2020 will be recorded in the history books as a year of deep tragedies, inequities and heartache. We hope it will also be remembered as the year education broke free of the four walls of our school buildings and embraced the healthy, fresh air outside. This year, the fields of outdoor learning and green schoolyards … Read more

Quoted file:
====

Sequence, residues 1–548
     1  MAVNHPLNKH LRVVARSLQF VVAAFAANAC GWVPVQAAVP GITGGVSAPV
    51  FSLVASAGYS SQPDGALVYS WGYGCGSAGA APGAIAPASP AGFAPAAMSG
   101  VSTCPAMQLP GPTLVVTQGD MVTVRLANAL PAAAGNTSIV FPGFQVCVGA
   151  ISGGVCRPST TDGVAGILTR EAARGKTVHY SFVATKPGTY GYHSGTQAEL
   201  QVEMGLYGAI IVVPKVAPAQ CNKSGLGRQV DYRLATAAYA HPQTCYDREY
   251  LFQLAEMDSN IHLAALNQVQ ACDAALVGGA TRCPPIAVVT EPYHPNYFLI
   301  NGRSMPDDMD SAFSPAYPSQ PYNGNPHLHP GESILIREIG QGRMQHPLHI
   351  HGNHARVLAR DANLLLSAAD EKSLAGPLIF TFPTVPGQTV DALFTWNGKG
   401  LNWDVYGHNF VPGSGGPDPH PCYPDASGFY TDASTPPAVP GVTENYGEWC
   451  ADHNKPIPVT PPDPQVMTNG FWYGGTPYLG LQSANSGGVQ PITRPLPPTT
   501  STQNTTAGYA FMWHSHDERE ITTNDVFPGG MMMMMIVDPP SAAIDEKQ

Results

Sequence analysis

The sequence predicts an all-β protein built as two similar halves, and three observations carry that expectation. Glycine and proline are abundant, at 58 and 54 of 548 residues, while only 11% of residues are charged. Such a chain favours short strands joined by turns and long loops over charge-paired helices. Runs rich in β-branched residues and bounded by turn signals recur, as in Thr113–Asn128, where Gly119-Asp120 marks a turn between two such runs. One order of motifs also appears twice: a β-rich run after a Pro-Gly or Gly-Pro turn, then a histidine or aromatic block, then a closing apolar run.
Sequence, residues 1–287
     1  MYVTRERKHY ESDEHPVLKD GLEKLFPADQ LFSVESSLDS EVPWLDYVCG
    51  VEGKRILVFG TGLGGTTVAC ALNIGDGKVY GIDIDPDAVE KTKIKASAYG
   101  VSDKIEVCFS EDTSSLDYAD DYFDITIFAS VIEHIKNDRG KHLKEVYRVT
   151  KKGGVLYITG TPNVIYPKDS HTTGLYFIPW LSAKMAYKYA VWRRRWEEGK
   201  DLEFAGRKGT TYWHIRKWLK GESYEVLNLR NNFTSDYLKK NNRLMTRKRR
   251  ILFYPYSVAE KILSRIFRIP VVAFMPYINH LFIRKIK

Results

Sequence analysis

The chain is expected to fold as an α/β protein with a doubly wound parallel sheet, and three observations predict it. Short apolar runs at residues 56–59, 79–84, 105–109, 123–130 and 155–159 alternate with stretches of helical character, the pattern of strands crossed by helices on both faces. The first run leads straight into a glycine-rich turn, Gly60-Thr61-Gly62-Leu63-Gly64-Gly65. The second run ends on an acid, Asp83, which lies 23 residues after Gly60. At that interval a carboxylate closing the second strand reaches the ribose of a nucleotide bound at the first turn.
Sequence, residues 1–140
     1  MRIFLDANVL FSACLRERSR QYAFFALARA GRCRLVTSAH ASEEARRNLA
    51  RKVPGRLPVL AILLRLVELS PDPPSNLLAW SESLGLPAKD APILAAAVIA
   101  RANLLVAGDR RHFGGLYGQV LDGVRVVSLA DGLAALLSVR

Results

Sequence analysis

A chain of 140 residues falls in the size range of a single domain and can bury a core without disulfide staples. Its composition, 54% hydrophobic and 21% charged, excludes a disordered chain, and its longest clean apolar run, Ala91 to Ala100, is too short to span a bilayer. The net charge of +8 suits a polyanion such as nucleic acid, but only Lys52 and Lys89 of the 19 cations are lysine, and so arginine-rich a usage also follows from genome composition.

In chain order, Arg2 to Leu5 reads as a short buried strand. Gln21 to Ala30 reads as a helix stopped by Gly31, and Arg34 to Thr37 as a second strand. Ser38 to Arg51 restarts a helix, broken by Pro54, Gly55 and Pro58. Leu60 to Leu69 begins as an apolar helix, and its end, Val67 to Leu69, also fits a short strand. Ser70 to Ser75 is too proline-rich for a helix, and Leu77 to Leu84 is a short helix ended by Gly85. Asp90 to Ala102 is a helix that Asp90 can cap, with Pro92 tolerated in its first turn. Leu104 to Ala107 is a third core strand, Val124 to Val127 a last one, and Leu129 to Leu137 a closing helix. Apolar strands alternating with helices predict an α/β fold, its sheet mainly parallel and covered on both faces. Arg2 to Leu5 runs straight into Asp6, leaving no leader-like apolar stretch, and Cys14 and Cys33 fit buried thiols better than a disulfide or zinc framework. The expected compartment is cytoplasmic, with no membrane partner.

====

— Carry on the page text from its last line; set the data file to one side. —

At Archway Academy in Houston, which serves 50 high school students who are in recovery from substance use disorder, counseling sessions are essentially on-demand. Students can ask for support any time they feel a panic attack coming on, or if they feel overwhelmed or angry. Coupled with a tight-knit sense of community, it’s what makes the school successful, says Executive Director Sasha Coles. That’s why, after COVID-19 shifted academics online, Coles and her staff hit the road. When students called, counselors drove to their homes and held sessions on driveways and porches. Even with the masks and social distancing, it was a better therapy alternative for some students than Zoom. “I don’t think we understood, at least at the beginning, how not being able to deliver services in person would change really important dynamics at our school, the magical parts of the school, the community,” she says. “I have kids calling me falling apart, and so I’m trying to coordinate with parents, ‘How do we meet the needs of your kids when it comes to their mental health?’”Recovery high schools are specially equipped to help students remain sober. Alongside typical academic classes and extracurricular activities, they provide peer support groups, licensed counselors, drug testing and other accountability measures. A Vanderbilt University study of recovery high schools published in 2017 found that 62 percent of students met the criteria for an alcohol abuse diagnosis and 93 percent met the criteria for a substance dependence diagnosis. That tracks with what Andrew Warren, a recovery coach, sees when students enter Archway Academy. Marijuana and alcohol are the most common substances for which they are in recovery, though a small number have used intravenous drugs or painkillers. Depression and anxiety disorders are the most common mental health conditions they face, he says. By and large, researchers found these schools were effective. On average, students’ reported significantly less use of drugs and alcohol when researchers checked in with them six months later, according to the study. They reported about nine days of marijuana over the previous 90 days, compared with 55 days of marijuana use prior to beginning treatment. Use of alcohol and other drugs dropped to about three days or fewer over the preceding 90 days. And students attending recovery high schools were more likely to stay sober and attend school compared with a control group of students with substance use disorders who attended other schools.But COVID-19 has significantly upended the model—posing a unique hurdle to recovery high schools, whose students were dealing with crises even before the pandemic. “There are occasions where we’ll have a kid with some good sustained recovery, but normally we get calls because the parents have tried everything they can think of,” Coles says, “and we become the place that is their last-ditch effort.”Balancing service and safetyRecovery schools are currently split into about even thirds when it comes to their delivery model. Some are fully in-person, others are hybrid or remote, says Roger Oser, chair of the Association of Recovery Schools. The organization’s membership is made up of 43 schools across the country that support students in 9th through 12th grade who are in recovery from substance or alcohol use. He is also principal of William J. Ostiguy High School, one of five recovery schools in Massachusetts, which is part of a public-private partnership affiliated with Boston Public Schools. Oser says his campus has used all three models at different stages of the pandemic. It was most recently fully remote. “We’re all trying to balance the need to provide in-person services with safety. That equation is different depending on what part of the country you’re in,” he says. Our population is a priority population to be in-person, so that’s the challenge. What can we do in our location situation to get kids in the building safely?”Prior to the pandemic, Oser says his campus and recovery schools nationwide were looking into remote learning as a solution for students who could not be on campus due to distance or treatment. “We have a student population that has interrupted experiences sometimes due to relapse or other reasons, so the more ability we have to connect to students remotely increases our capacity,” he says. “Obviously we wouldn’t want it to be driven by COVID, but we were already looking at different models.”While some students are doing fine remotely, Oser worries about those experiencing isolation. “In the best of times, people isolate for different reasons: not wanting to deal with people, covering up their use. Being remote makes that so much easier,” he says. “You can still be showing up, but not. And it makes it harder to detect what’s going on.”Being remote has driven his staff to make their virtual interactions with the school’s students as engaging as possible. Each day begins with a community check-in and one-on-ones between students and a case manager. “It’s much more intentional virtually because if someone doesn’t show up for a day, we don’t want that to go by [unremarked]. There has to be a place where that’s noticed and followed up on,” he says. Reopening the support systemColes says the transition to online schooling at her Houston campus, which partners with the Southwest Schools charter district, was smooth. But there wasn’t a way to replicate the human element of mental health services on a screen. Important parts of communication were lost. She couldn’t read students’ body language or give them a hug. While there were no worrying dips in academic performance, students at home were experiencing more anger outbursts and relapses in depression, anxiety or bipolar disorder. More kids were running away, Coles says, and having a harder time getting medication refilled because doctors’ offices were closed.“What we learned from March to August was that in the mental health aspect of the school, we were not seeing the normal outcomes that we would due to the isolation,” she says. “Quite frankly, too much time with their families was not good for anybody. It felt like complete chaos.”While most public Texas schools reopened in mid-October, Archway Academy opened its doors again in September. The small school was divided into learning pods of no more than 10 students who stayed in the same socially distanced classroom, supervised by a faculty or staff member, and had their classes delivered via Zoom. Warren, who is an alumnus of the school in addition to being a recovery coach, says getting students back near their support system was important for two significant reasons. “Young people just crave that social life, and what you find with people who have substance use disorders is that it couples with mental health disorders,” he says, “so anyone who has depression or anxiety needs support or needs a social life.”During a normal school year, part of building community among students would include group activities involving close proximity. That could include tug-of-war one day or a trust exercise the next. “Activities like that aren’t really doable when there’s an airborne virus,” he says. “There’s a lot to be said about a staff member and student sitting down in a hallway and letting them cry and be there for them.”When the school closed and went remote in March, Warren says there was a portion of his students who were fine. They were motivated to stay on top of their studies, and meeting with him over Zoom was sufficient. But that wasn’t the case for everyone. “During our daily Zoom meetings, you could tell, ‘This person isn’t feeling connected. This person isn’t getting enough.’ We had students who enrolled with us in early March and didn’t have a chance to see what our community could really do,” he says. “We ended up going to these students’ houses and sitting on a driveway and just talking to them. Two or three times per week if necessary, bring them goodies and interact with the families and the kids. That was special when you had someone willing to drive out, sit in the driveway and just be there.”David Claunch, a math and science teacher at the academy, shares a connection with students in that he’s been in recovery for 17 years. If a student has an issue that’s preventing them from focusing in class, help from a counselor is right down the hall. “And they come back ready for academic work,” he says. Claunch taught remotely while he quarantined for two weeks after testing positive for COVID-19 following Thanksgiving break. While he didn’t miss a day of school over Zoom, he was glad to be back in the classroom. “It’s really easy for them to nod and say, ‘Yes I understood,’ versus looking at a screen. You pick up so much more body language in person than you do on Zoom,” he says. Coles says that the number of staff and students who had to quarantine following Thanksgiving has her worried. If coronavirus forced the school to return to fully virtual learning, delivery of mental health services would remain a challenge. “We are continuing to toss around creative ideas for how we could do a better job of that while still keeping an eye on health and safety,” she says. Beyond all the changes to schooling, Coles says this year has left her to reflect on how educators can take better care of themselves as they jump from one emergency to the next. Each morning before checking her text messages, she takes a deep breath. “We’re a school that spends a lot of our time and energy focused on the health of the kids, and surviving the last year of school has reinforced in me why the self-care of the grownups is so important,” she says. “We barrel through the school year and breathe in the summer, and that can’t happen. We will become mentally and physically ill because this is too much to carry.”